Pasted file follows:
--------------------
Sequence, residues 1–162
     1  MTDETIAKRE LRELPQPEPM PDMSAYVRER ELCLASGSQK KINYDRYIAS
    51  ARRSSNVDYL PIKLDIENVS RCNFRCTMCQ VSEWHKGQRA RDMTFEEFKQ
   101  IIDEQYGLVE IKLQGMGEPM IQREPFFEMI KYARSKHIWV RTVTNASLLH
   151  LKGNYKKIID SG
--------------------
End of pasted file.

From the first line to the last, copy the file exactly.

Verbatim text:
Sequence, residues 1–162
     1  MTDETIAKRE LRELPQPEPM PDMSAYVRER ELCLASGSQK KINYDRYIAS
    51  ARRSSNVDYL PIKLDIENVS RCNFRCTMCQ VSEWHKGQRA RDMTFEEFKQ
   101  IIDEQYGLVE IKLQGMGEPM IQREPFFEMI KYARSKHIWV RTVTNASLLH
   151  LKGNYKKIID SG